Graphic Novel

Long Time No See

 

 

Sorry guys.

It’s been a long time (quite a long time) since my last post. I started focusing on completing Sacco and so the posts became scarce.  I’ve heard the saying “your first graphic novel is used to sell/publish your second graphic novel.” I do know cases where that is true (and not true)- so, yeah, here it is.

I sent samples to publishers and got a decent amount of responses, but all passes. Sacco is not a light story, so it’s understandable that it won’t fit with certain publishers’ image of what they produce.

I am working on Graphic novel number 2: Chewy Noh. This would be considered a YA graphic novel (young adult), and I will have a greater chance of being published than a book about young adults getting killed.

 

Snow, Snow, Snow

Every few days it dumps snow all over New York and it seems never ending. The snow is okay.  The part I hate are the pedestrians.  They turn into idiots when that sidewalk gets slick.  Plus their cellphones are still glued to their eyes.  Personal safety, schmersonal safety.

 

I’m still tinkering with elements of this site.  I am having trouble making images larger so I haven’t posted any more pages for Sacco.  But soon……

 

I’m currently  re-drawing certain pages from chapter one and two.  I’d like to focus strictly on the next chapter but when asked to see what I have done I don’t want to show pages I know I will edit.

 

I finally received the 30 page sampler to send to publishers.  Here’s a few pics I took.

IMG_0022

 

 

IMG_0023 IMG_0024

End of Year edits

Sorry I haven’t posted in a while.  I’ve been busy with the holidays and processing edits on the first 20 pages.  Getting ready to start chapter 4 after the New Year.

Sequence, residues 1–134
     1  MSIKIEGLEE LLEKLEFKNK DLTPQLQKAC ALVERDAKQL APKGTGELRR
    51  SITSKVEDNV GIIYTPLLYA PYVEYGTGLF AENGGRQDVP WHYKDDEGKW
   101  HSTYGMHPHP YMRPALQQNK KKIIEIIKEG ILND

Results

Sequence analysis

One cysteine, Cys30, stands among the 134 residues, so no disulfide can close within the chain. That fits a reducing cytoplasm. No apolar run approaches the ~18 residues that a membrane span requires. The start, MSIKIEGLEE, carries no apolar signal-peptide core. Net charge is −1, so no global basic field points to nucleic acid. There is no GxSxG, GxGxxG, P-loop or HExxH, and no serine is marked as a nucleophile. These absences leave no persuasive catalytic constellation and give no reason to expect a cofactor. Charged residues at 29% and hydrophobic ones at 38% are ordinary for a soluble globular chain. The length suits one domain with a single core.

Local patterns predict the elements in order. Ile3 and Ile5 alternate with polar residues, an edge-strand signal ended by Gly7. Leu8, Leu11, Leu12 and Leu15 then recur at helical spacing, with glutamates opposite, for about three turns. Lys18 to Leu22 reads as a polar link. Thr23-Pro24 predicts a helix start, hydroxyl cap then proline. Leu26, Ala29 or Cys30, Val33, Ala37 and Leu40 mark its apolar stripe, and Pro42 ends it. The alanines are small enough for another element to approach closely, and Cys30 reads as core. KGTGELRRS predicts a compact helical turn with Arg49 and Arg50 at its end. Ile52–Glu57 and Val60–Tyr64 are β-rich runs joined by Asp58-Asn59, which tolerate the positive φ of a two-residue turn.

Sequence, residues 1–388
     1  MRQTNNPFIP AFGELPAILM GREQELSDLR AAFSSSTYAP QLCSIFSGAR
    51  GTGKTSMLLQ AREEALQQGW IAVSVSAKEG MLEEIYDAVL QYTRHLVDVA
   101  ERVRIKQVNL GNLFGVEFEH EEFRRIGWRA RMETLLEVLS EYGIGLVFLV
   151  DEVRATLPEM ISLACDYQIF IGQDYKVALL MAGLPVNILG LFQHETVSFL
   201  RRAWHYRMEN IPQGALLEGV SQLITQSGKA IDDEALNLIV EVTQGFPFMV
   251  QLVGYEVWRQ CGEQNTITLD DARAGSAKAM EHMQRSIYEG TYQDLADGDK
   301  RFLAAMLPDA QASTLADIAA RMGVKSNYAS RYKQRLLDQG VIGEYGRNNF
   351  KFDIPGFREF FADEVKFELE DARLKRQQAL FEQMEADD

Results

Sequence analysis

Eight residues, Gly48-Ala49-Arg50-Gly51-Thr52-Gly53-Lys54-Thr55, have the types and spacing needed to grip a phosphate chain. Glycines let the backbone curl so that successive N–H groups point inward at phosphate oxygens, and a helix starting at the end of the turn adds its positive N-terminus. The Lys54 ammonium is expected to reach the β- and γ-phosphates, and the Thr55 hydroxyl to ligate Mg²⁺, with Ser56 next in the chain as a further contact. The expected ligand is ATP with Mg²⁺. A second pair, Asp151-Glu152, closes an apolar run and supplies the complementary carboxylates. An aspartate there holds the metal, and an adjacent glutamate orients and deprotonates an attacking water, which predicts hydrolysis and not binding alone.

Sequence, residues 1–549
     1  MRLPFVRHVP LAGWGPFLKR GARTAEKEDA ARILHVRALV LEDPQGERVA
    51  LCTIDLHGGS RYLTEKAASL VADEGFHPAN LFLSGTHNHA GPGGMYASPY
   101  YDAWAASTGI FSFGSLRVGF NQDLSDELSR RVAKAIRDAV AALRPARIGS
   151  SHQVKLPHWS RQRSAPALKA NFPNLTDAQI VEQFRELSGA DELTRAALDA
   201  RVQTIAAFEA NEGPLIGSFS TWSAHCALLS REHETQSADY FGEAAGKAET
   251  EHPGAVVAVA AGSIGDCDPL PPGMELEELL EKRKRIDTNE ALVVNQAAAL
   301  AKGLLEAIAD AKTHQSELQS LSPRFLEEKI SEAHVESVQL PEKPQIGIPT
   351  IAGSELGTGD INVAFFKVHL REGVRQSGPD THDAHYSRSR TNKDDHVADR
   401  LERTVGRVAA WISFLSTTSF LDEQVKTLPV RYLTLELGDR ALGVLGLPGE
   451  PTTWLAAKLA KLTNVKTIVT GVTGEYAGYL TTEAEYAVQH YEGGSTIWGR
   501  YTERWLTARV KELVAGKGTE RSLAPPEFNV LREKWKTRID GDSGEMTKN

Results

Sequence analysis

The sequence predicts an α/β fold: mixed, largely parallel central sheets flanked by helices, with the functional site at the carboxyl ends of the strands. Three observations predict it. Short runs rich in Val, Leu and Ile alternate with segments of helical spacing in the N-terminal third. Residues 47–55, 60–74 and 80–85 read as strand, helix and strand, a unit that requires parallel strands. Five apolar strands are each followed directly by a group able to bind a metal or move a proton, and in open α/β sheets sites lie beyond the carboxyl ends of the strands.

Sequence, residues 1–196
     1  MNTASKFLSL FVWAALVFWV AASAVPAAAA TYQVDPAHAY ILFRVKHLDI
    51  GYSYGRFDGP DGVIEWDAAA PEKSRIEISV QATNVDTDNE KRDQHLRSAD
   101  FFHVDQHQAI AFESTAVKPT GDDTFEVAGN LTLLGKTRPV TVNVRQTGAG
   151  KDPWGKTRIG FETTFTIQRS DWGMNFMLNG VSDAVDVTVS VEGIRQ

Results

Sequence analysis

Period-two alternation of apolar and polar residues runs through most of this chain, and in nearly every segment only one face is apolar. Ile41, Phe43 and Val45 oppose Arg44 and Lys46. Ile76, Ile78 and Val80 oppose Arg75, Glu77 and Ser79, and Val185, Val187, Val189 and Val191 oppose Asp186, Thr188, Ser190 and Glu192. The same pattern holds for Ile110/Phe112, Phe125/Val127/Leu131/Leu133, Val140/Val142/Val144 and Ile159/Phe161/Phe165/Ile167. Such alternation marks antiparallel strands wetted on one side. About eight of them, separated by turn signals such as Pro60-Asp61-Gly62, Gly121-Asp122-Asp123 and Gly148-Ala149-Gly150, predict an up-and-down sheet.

P 190- meet up with aspiring comic book creators

I decided to go to a meeting for aspiring comic book creators in NYC.  I agreed to it and then forced myself not to think about it.  Meeting new people is difficult.  Throw in the fact you’re opening up about something close to you, something you’ve placed a lot of work into and it can be a bit nerve-racking.  If I pulled anything away from my art school critique experiences its that  the usual annoying personalities will be there-but hoped a few good eggs show up too.

 

I was not disappointed to see both groups well represented.

 

One guy, a screenwriter and not an artist, (maybe he misread the description of the group) was putting together “high concept” storylines (his words) that would instantly sell.  He just needed to find financing for the projects.   For example basketball players abducted by aliens to fight an intergalactic war- totally high concept right (not sure what that phrase means)?  After looking at my work he attempted to recruit me to draw storyboards and when I told him my graphic novel (not a screenplay) involved a school shooting he informed me it wasn’t high concept enough.  Hollywood would never pick it up.  I wanted to ask him if I needed more aliens (I’ve drawn several basketball players in “Sacco” already- so I had that base covered).

 

I also met two guys that were in the beginning stages of their graphic novels.  One was a writer and had a friend who was handling the artwork.  The story-line was dark and the art matched it perfectly.  The other person didn’t bring any material but could articulate his plot with great clarity and made his idea sound intriguing and not a simple one line blurb.

 

The screenwriter panned their ideas as low concept also.